When it comes to researching a market or industry sector the major national and international players are generally well covered by the established market research publishers. If you are looking at a highly specialised sector, are interested in smaller companies or just want to know who is doing what in a town or county then direct marketing lists can be the cheaper and better option. The source I often use is a UK based service called MarketingFile.com (http://www.marketingfile.com/). They have been around for a while but continue to update their services and ensure that the databases they offer are regularly checked and cleaned.
MarketingFile’s lists are divided into business and consumer marketing and further segmented by communication channel: postal, email, fax or telemarketing lists. You can drill down further and specify key job roles, industry sectors, geographic areas and company size. For consumer lists you can segment by criteria such as geographic areas, household finances, interests, investments, cars driven and charities supported.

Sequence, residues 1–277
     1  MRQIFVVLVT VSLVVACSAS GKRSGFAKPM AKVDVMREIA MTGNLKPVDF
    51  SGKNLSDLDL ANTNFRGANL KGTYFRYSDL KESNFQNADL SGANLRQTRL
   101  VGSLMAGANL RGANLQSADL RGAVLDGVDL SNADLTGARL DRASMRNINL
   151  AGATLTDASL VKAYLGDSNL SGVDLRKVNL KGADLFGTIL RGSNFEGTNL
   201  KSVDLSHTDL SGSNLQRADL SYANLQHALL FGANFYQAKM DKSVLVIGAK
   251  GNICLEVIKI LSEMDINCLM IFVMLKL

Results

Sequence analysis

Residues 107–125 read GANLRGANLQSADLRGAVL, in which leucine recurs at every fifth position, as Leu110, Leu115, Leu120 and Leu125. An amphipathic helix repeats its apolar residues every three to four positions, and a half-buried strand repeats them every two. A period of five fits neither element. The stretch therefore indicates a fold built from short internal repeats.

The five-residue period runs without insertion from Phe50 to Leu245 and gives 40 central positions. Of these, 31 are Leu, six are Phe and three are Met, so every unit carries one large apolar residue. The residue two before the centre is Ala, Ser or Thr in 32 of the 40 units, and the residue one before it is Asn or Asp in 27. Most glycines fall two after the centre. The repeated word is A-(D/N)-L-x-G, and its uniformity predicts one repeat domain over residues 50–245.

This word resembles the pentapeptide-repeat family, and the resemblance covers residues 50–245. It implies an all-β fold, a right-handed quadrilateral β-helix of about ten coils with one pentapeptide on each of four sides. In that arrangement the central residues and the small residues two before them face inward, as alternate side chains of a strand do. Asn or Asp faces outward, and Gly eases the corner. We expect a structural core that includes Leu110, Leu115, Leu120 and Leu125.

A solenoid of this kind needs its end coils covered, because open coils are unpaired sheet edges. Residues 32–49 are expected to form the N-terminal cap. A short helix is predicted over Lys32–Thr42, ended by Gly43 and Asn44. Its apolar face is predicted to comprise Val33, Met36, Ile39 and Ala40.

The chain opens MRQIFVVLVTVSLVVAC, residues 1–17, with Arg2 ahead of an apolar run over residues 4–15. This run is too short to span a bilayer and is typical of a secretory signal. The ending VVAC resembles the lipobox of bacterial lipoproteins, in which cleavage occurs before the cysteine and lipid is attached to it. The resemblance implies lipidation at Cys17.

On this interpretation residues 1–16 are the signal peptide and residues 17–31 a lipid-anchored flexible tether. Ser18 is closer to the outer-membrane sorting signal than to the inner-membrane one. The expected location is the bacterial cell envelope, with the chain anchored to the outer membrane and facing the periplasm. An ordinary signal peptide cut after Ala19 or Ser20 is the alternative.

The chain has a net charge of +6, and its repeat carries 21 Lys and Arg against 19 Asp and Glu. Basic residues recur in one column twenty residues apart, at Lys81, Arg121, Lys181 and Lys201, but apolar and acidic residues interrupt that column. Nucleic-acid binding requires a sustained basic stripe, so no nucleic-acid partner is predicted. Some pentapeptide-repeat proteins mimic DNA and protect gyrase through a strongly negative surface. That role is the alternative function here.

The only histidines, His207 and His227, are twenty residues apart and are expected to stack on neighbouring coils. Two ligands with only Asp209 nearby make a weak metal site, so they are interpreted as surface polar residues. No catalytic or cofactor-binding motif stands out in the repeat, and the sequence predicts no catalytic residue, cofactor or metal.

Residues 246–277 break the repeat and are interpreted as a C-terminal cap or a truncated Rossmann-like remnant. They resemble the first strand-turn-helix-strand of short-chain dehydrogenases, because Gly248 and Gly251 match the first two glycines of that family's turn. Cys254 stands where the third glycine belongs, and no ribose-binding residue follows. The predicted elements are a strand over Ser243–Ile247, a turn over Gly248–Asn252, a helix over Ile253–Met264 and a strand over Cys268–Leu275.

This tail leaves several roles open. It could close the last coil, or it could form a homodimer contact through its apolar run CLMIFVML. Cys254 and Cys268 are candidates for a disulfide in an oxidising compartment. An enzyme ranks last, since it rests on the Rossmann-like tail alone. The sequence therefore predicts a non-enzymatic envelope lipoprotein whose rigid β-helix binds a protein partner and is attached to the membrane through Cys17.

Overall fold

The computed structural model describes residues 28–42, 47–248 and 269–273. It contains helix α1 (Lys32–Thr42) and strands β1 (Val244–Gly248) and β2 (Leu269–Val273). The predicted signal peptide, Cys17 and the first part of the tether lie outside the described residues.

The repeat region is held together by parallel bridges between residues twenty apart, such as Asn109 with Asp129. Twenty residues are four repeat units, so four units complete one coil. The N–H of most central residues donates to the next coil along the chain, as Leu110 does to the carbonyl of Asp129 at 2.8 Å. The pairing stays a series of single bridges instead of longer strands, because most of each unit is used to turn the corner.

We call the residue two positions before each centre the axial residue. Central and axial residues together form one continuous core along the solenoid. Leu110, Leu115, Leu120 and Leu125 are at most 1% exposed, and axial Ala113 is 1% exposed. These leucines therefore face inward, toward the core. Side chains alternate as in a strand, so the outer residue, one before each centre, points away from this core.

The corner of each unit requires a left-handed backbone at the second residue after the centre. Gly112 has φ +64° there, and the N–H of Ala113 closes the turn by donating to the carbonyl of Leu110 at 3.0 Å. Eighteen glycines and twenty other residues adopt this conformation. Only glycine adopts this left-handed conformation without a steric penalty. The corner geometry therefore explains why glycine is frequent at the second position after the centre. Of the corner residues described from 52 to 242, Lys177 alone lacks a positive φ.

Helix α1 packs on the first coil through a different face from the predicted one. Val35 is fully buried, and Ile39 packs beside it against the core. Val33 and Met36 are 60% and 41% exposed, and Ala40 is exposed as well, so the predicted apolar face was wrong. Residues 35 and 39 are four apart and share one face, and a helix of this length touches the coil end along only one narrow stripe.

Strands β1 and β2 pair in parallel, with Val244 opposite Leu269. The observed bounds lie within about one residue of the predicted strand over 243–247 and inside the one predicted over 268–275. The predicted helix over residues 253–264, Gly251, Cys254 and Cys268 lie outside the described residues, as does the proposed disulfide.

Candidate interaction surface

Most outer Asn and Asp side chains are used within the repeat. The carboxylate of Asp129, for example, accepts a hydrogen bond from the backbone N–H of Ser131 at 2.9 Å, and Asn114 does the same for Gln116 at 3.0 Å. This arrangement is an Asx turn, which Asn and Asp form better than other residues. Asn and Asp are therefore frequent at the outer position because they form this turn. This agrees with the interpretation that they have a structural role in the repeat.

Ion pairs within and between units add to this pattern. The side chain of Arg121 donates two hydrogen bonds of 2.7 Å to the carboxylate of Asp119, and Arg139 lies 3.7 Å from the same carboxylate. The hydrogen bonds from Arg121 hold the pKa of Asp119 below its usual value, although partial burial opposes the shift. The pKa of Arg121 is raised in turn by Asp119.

For each list there is information on coverage, pricing and selection criteria.
You have to register to search the lists but registration is free of charge. The search screen makes it easy to select and combine multiple criteria and the number of results (counts), which is sometimes all one needs to know, is free.
The full data is charged on a per record basis and you can also opt to have only those records that include named contacts. If you are on a limited budget or want to test a sample of the data you can request a specific number of records for example 50, 100, 200, 1000.
MarketingFile have extended their services and now offer complementary services such as printing and posting of letters, postcards and inserts. They have a 100% Delivery Guaranteed offer on email and postal lists which offers 50p per item towards your postage for mail “goneaways” and 5p – 10p per item towards broadcast costs for email hard bounces.
It is not always easy to identify the most appropriate list for your research. Rather than waste time trying different lists I’d recommend that you contact their helpline, which is based in the UK. They will be able to give advice on the best strategy for your research or project.